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Mongol heavies and Hungarian knights fight for control of the hill
As the Hungarian losses mounted and the situation was going from bad to worse, I asked Steve to send the 3 units of Hungarian knights and a general from his wing across to help. Steve was indignant, and he had every right to be so – having messed-up my side of the Hungarian army, I now wanted to squander his troops, leaving him without the precious units needed to hold off Tony’s Mongols on the left wing.
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Mongol light cavalry sweep around the left flank to encircle the remains of the Hungarian army
Tony simply followed the Hungarian knights with his Mongol light cavalry – shooting them from behind! The Mongols had by now turned both flanks and threatened to encircle what remained of the Hungarian army. The heavy cavalry now got to grips with each other – there were far less Hungarian infantry left to get in their way! The Mongols lost 2 units of heavy cavalry and Hungarians 4 plus 2 generals. The Hungarian infantry occupying the woods in the centre of the table were out of command and control and it was impossible for a general to get close enough to issue any orders. Without the help of these infantry the situation had become hopeless.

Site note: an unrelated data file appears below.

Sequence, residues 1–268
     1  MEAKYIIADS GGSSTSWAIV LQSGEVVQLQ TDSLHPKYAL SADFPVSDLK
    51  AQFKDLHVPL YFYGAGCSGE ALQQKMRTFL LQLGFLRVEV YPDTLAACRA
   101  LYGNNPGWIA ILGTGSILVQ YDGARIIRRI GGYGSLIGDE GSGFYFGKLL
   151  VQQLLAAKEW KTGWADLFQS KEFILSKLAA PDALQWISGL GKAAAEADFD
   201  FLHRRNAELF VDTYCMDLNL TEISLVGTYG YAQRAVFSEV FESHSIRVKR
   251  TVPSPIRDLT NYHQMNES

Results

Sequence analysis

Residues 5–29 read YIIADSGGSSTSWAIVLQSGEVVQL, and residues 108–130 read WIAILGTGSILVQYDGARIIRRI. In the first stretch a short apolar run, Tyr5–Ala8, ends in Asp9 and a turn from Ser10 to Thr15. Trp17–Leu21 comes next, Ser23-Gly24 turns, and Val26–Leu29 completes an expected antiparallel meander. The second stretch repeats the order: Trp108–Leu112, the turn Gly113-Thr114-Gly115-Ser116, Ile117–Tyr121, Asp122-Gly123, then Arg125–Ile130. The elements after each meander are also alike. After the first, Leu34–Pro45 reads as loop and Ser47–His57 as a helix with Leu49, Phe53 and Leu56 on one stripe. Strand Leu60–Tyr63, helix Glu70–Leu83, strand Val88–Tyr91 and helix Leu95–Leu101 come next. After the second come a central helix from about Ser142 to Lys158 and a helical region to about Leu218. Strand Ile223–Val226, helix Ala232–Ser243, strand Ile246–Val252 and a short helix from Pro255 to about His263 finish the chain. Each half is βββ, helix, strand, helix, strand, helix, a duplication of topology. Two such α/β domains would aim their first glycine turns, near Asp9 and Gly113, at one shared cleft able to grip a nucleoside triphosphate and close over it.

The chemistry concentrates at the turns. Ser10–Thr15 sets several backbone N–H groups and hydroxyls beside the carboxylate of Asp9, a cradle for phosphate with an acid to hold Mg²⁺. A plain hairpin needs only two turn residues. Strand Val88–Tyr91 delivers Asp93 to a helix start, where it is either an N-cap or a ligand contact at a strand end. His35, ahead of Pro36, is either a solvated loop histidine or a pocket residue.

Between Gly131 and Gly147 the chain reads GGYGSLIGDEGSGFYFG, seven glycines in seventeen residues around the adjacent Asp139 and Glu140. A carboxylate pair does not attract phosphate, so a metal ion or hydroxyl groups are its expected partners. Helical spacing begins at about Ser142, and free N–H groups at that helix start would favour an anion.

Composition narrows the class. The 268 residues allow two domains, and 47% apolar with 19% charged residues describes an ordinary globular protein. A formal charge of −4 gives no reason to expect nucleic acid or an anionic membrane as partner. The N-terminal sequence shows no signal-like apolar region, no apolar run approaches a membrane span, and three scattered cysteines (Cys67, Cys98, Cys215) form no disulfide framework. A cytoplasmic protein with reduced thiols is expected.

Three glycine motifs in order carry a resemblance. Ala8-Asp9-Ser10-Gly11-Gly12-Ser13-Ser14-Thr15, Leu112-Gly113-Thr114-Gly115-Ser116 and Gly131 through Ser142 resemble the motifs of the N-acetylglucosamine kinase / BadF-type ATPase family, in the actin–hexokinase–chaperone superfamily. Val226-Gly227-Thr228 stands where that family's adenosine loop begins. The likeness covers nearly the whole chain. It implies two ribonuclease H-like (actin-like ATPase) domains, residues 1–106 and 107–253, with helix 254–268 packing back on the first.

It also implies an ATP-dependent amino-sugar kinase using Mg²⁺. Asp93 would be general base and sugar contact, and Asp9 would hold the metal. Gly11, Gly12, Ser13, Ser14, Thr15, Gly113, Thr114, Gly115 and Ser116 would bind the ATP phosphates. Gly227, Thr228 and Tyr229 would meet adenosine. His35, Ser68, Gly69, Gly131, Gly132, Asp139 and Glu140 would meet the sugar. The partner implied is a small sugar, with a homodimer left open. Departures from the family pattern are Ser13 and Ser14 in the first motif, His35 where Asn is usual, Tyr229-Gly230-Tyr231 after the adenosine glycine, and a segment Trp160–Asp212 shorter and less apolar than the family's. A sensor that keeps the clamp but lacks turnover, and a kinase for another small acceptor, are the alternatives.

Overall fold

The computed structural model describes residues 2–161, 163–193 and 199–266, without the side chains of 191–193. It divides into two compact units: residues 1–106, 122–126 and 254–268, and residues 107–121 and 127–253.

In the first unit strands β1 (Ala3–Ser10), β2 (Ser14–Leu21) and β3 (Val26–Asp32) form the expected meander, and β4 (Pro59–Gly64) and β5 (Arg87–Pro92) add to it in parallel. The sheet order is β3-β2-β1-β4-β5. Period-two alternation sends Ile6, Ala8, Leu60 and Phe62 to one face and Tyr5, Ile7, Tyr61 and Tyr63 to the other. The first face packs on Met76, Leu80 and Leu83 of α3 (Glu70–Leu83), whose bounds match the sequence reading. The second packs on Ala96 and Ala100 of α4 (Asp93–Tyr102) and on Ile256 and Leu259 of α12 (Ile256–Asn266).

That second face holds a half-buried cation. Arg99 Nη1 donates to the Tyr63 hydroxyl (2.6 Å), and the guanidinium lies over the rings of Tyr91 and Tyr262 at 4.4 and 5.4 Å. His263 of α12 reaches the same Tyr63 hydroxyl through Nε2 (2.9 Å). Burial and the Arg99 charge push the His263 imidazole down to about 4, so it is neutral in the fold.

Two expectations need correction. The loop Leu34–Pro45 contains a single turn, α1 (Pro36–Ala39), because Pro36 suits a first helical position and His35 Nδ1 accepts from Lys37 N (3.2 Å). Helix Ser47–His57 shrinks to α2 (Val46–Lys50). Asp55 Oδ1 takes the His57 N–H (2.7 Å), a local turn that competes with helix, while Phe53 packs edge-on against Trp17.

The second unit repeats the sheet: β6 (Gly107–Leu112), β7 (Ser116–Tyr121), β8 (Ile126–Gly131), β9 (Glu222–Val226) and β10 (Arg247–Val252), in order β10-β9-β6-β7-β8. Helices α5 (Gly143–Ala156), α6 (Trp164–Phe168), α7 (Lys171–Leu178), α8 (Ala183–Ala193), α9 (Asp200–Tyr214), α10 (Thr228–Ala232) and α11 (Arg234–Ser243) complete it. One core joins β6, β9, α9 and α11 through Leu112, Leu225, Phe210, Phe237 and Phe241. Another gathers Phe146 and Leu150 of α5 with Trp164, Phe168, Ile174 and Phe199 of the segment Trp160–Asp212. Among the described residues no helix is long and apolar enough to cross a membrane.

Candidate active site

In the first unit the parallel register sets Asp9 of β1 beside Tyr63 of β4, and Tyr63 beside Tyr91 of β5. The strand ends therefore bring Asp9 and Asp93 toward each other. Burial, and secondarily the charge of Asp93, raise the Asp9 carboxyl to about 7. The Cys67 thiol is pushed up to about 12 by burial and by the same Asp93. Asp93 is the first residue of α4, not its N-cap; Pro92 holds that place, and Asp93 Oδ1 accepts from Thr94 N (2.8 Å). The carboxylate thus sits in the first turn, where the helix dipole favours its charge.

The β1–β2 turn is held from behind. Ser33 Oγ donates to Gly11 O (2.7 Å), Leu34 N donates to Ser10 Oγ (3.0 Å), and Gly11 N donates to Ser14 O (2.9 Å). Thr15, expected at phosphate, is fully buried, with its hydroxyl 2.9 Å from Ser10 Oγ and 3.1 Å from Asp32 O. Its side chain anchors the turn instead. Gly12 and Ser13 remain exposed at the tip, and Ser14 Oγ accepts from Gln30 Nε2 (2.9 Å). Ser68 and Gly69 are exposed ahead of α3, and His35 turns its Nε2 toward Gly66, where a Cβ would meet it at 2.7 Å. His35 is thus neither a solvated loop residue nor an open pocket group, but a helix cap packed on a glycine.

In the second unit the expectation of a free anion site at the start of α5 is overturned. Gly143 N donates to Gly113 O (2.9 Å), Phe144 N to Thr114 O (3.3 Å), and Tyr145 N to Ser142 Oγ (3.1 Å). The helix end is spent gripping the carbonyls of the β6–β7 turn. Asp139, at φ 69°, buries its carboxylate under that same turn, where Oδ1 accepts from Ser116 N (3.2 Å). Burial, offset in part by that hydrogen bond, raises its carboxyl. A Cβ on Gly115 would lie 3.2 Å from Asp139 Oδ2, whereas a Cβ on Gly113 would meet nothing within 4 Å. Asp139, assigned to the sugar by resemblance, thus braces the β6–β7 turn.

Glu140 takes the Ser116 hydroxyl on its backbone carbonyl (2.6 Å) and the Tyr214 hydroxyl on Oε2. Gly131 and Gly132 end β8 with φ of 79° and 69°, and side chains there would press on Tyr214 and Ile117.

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The last two units of Hungarian knights succomb to the Mongol onslaught. Game over!
In a last futile gesture, we charged 2 units of Hungarian knights into the Mongol heavy cavalry. The dice gods weren’t with us, the Mongols held! Most of the remaining Hungarian units were now surrounded or had no general to command them. It was game over. We had been well and truly 'Mongolled'!


Game Analysis
This game could be regarded as a perfect example of Mongol tactics – use the light horse on both flanks to draw the draw enemy into the heavy ‘jaguns’ in the centre. This manoeuvre is known as the ‘tulughma.’ What was most impressive was that Tony and Dave achieved this victory over what could be regarded as challenging terrain for Mongols who always preferred a more open battlefield.
Kind regards
Paul